Domain of x^2-6x+9 / x^2

  1. Here is the problem again
    x^2-6x+9 / x^2

    I think the answer is "all real numbers", but I don't know. I'm not used to seeing only x^2. Most of the ones I have done are x^2 - 4 or something like that.
     
  2. jcsd
  3. Curious3141

    Curious3141 2,970
    Homework Helper

    The question as it is written makes little sense. The domain has to be defined in the first place for a function to mean anything. So the domain can be a subset of the reals, or complex numbers, or even integers. Given a particular domain, it is a perfectly valid question to determine the range of the function.

    But there is one real value for x where the function ceases to be well-defined, and I think the question is asking you to find this. What happens when x = 0 ?
     
  4. HallsofIvy

    HallsofIvy 40,302
    Staff Emeritus
    Science Advisor

    As Curious3141 said, strictly speaking, the domain has to be "given" along with the formula describing a function. A lot of the time, however, it is understood that the domain is "all values of x for which the formula gives a valid result". One of the first things you should have learned about "domain" is "you can't divide by 0". Thus Curious3141's question "what happens when x= 0?"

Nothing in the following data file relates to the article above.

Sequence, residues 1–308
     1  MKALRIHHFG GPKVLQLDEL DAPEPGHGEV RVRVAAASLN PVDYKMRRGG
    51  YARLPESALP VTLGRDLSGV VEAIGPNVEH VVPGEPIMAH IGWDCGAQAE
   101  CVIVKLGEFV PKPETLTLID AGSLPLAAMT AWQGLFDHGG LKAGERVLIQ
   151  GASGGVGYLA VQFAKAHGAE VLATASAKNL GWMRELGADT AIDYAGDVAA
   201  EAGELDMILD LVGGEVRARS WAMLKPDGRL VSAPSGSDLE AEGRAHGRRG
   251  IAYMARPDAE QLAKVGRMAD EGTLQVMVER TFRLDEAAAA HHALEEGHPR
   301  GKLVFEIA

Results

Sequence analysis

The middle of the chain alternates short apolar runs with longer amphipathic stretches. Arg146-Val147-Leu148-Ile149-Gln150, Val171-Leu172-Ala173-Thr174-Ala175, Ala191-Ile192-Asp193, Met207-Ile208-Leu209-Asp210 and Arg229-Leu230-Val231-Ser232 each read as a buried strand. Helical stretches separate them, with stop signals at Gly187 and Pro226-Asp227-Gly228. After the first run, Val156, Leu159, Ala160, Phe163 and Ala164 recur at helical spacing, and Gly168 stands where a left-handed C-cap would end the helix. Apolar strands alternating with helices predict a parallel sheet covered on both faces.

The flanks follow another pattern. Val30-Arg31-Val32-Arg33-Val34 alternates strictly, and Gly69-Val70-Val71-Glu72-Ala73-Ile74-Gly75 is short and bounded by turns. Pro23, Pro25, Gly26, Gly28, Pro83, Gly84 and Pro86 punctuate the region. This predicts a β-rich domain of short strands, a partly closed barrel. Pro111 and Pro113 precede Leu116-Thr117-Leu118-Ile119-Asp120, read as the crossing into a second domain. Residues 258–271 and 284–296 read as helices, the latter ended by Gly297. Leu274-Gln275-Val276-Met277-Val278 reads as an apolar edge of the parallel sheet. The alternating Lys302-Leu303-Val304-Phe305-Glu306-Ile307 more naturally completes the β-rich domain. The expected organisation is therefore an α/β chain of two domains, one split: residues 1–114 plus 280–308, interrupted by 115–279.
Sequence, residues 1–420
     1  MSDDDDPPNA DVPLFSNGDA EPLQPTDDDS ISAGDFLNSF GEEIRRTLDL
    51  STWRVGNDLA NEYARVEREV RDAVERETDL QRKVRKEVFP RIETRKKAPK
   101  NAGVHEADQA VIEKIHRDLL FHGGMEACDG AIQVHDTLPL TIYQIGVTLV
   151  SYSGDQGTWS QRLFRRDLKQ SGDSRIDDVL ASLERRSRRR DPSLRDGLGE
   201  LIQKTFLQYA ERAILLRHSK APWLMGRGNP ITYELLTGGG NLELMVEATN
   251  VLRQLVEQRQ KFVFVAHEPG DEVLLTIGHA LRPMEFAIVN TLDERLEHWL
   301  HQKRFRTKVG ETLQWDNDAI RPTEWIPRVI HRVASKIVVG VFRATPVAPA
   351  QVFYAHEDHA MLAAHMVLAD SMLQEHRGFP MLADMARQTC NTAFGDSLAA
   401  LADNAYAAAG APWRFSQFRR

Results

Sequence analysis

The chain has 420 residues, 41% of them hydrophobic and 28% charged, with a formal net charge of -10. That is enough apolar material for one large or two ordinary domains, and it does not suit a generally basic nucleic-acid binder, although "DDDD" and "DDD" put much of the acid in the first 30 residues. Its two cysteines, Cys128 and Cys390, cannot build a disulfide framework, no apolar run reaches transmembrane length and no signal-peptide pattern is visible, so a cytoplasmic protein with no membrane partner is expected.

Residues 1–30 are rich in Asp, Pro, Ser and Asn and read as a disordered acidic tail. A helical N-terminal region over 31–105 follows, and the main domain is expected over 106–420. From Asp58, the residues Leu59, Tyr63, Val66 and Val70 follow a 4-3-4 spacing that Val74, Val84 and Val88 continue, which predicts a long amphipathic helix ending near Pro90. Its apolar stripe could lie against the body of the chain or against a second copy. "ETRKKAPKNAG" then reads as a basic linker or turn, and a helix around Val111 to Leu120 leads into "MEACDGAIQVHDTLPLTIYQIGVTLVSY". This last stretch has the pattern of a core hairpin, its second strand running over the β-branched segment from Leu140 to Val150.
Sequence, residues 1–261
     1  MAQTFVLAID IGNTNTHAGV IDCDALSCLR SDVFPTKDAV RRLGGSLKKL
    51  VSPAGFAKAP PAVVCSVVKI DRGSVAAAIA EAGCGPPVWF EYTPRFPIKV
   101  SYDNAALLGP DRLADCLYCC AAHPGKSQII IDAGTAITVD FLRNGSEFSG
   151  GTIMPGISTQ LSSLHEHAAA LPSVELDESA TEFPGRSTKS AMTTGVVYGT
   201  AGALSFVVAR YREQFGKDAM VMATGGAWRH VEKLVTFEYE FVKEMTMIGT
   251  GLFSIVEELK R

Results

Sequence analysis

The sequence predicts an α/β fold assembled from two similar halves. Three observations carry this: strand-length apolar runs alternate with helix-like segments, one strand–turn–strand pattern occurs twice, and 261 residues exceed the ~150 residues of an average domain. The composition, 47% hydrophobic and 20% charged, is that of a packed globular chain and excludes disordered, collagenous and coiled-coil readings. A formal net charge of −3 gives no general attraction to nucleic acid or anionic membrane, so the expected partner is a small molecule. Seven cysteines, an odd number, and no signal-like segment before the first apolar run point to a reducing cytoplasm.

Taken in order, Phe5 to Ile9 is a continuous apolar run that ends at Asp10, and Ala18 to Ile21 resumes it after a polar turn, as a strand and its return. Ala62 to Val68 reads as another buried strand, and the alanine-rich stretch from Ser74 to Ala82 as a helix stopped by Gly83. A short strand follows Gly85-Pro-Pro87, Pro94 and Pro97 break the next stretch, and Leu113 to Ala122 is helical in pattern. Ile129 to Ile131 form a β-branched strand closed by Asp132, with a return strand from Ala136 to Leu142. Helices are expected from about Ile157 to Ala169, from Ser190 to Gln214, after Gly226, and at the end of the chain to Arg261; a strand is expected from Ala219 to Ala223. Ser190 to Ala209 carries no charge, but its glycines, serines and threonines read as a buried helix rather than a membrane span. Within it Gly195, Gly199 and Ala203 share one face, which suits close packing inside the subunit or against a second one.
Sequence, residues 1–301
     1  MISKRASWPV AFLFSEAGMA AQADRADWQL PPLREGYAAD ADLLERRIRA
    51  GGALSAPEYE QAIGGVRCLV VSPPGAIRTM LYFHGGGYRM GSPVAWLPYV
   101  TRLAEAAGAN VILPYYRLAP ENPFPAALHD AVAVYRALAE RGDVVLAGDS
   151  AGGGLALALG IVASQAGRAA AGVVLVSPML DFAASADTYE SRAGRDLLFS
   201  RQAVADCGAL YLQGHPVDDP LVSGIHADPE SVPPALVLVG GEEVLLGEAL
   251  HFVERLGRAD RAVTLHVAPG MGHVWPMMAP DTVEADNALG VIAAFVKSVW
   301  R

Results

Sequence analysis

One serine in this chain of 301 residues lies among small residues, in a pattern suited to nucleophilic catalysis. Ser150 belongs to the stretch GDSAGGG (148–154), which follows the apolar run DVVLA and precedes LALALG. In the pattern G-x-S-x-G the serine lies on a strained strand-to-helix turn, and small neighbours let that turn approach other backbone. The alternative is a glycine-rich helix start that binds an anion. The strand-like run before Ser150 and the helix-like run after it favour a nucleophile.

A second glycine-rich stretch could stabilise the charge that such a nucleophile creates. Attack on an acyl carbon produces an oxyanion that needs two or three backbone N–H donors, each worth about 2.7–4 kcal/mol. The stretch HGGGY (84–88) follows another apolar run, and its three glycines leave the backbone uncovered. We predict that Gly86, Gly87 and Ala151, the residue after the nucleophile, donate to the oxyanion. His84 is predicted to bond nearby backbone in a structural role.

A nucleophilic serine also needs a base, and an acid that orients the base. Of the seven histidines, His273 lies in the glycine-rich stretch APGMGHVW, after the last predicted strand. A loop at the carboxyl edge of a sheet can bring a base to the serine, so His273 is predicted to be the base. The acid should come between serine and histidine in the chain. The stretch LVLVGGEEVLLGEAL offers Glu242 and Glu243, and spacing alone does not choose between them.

5. Undefined!
     
  6. HallsofIvy

    HallsofIvy 40,302
    Staff Emeritus
    Science Advisor

    And therefore, the domain of (x^2-6x+9 )/ x^2 is?
     
  7. Any value of x for which you can evaluate the term.
     
  8. Curious3141

    Curious3141 2,970
    Homework Helper

    A nice way of representing the domain is R\{0} which means all the reals except zero. Another way is to state the domain is [tex](-\infty,0) \cup (0,\infty)[/tex] because the open interval excludes the point at zero.

    If you're working in a system other than the reals, amend accordingly.
     
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